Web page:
NAHR AL-BARED, Lebanon, (Reuters) – A fragile truce allowed aid trucks to enter a battered Palestinian refugee camp in north Lebanon on Tuesday after three days of fierce battles between Lebanese army troops and Islamist militants.
Civilians took advantage of the lull to flee, flying white flags from their car windows, up to 10 people crammed into some vehicles. This correspondent saw two wounded people lying in pools of blood in the street.
A number of aid workers were forced to leave when shells exploded near their convoy, killing at least two youths as they tried to collect supplies, witnesses said. U.N. aid trucks withdrew amid the blasts and gunfire.
Residents begged journalists to evacuate them. A man trying to carry a wounded woman to safety had to leave her in the street when bullets began flying.
At least 22 militants, 32 soldiers and 27 civilians have been killed since the army and the militant islamist group Fatah al-Islam began fighting on Sunday, making it Lebanon’s worst internal violence since the 1975-1990 civil war.
Fifty-five soldiers have also been wounded.
Heavy fighting at Nahr al-Bared camp, home to 40,000 people near the northern city of Tripoli, raged from dawn until the afternoon. Fatah al-Islam, an al Qaeda-inspired Sunni group has been based in the camp since last year.
Clashes died down after Fatah al-Islam said it would cease fire if the army did the same. The United Nations used the lull to try to deliver food, water and medical supplies to the camp.
Shocked camp residents emerged from their homes to see the destruction. Shell fire had torn huge holes in buildings. Gunmen roamed the rubble-strewn street. No casualty toll was available. “What the hell were they (the army) doing? Did they think they were fighting the Israeli army?” resident Mahmoud Tayyar asked.
Fatah al-Islam has little local support, but the firepower the army has turned on the camp has begun to anger Palestinians. “We have seen many wars but never seen bombardment in this way. Entire areas have been destroyed,” Jamal Laila, 40, said by telephone earlier. “Children have no milk, water or bread. “For the sake of 10, 20 or 30 individuals an entire camp is being massacred,” he said, weeping over the phone.
U.N. aid trucks had waited for hours to enter the camp, on the coast just outside Tripoli, Lebanon’s second biggest city.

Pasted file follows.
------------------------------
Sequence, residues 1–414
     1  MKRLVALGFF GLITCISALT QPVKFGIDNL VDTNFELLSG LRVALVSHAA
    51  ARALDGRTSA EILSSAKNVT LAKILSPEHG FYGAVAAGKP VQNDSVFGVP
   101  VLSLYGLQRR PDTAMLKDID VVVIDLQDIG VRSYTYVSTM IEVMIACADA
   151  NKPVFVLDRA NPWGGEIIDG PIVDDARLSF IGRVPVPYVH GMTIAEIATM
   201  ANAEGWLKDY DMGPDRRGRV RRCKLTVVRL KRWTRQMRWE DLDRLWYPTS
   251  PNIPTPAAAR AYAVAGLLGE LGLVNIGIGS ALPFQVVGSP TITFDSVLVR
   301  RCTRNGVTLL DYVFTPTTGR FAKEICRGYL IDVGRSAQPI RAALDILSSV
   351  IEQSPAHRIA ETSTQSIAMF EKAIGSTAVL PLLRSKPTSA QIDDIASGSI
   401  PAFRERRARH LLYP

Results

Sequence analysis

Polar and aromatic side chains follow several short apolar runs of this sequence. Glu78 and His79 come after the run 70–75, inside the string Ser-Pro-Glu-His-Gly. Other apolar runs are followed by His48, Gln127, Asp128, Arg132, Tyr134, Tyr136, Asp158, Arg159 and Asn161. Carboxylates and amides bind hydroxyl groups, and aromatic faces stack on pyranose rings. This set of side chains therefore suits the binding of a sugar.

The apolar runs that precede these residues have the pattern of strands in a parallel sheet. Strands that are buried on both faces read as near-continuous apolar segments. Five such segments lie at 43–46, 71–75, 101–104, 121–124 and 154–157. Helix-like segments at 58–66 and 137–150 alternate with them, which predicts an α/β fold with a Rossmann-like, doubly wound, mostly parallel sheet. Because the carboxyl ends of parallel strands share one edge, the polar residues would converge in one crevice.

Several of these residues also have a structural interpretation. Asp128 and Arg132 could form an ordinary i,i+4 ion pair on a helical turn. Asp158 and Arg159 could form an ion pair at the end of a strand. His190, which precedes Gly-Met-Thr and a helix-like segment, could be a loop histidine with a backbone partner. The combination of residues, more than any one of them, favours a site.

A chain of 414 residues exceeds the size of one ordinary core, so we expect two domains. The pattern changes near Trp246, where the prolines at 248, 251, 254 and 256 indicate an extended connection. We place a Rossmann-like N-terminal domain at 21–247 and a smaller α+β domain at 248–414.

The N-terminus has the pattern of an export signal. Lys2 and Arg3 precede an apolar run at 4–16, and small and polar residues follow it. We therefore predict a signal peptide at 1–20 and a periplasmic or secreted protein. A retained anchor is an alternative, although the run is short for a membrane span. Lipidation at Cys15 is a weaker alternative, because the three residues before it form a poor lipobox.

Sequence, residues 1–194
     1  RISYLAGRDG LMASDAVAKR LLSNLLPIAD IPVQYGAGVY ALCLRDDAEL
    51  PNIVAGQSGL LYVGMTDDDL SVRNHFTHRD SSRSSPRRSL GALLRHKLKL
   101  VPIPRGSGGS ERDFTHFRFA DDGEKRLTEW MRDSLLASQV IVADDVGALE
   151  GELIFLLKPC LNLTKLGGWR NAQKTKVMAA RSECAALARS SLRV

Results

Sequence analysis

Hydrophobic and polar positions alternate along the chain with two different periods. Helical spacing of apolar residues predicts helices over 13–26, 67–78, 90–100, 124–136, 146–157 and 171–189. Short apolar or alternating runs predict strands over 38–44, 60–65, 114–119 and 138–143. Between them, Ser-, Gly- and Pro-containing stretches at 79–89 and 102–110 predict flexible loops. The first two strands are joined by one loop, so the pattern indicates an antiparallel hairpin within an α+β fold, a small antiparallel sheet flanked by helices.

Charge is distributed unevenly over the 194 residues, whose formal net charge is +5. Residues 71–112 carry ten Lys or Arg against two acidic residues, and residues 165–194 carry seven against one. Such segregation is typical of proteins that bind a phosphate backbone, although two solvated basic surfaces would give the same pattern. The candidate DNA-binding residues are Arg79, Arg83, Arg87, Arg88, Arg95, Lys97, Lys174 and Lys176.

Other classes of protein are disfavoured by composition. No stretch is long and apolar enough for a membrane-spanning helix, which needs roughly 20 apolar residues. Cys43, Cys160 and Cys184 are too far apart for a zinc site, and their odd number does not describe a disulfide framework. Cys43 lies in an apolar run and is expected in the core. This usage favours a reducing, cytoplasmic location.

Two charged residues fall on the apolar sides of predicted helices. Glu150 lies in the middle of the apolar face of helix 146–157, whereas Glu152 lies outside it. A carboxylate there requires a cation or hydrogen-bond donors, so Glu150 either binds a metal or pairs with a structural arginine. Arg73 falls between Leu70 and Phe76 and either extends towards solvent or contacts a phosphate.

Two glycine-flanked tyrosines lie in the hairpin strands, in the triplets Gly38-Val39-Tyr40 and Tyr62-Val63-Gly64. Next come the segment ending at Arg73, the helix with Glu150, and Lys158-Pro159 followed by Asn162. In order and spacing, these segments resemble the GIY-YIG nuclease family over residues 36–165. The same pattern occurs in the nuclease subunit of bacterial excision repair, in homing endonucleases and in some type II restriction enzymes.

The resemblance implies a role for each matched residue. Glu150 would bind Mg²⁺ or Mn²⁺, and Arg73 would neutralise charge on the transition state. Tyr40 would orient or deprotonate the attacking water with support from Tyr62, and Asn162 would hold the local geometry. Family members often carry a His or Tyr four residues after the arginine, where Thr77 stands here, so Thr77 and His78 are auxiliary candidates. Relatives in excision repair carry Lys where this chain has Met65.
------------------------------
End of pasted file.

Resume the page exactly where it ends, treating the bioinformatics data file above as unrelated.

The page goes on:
A Fatah al-Islam militant blew himself up in a building in Tripoli, a security source said. There were no other casualties.
In Beirut, a bomb exploded in a shopping area in a mainly Sunni Muslim area on Monday night, wounding at least seven people. It appeared to mirror a blast on Sunday that killed a woman and wounded 10 people in a mainly Christian district. A faxed statement in the name of Fatah al-Islam claimed responsibility for the blasts and threatened more. But group spokesman Abu Salim denied it was involved.
Lebanese Druze leader Walid Jumblatt, a fierce foe of Syrian influence in Lebanon, said more such attacks were likely. “Unfortunately I expect that the explosions will increase,” he told reporters, accusing Damascus of backing Fatah al-Islam.
France condemned the “cowardly” bombings in Beirut and urged the Lebanese people to unite behind their authorities.
Linking the attacks with U.N. moves to set up a tribunal to to try suspects in political assassinations in Lebanon, a French Foreign Ministry spokesman said the international community was “determined not to let itself be intimidated”.
The White House accused the militants of trying to derail U.N. moves to set up a tribunal to try suspects in assassinations and other attacks in Lebanon, but stopped short of blaming Syria.
Crowds gathered at the Palestinian refugee camp of Beddawi, 9 km (five miles) from Nahr al-Bared, demanding a ceasefire and shouting slogans against the army and government.
In Ain al-Hilweh camp in southern Lebanon, Islamist militants blocked roads. “If the fighting (in the north) doesn’t stop, the war will be with all Islam not just Fatah al-Islam,” one said.
Prime Minister Fouad Siniora’s government has said it wants to root out Fatah al-Islam, which it sees as a tool of Syria — something denied by Damascus and the group itself.
In Ramallah, the PLO’s executive committee, led by President Mahmoud Abbas, urged the Beirut government to distinguish between the “terrorist group” and Palestinians in Lebanon.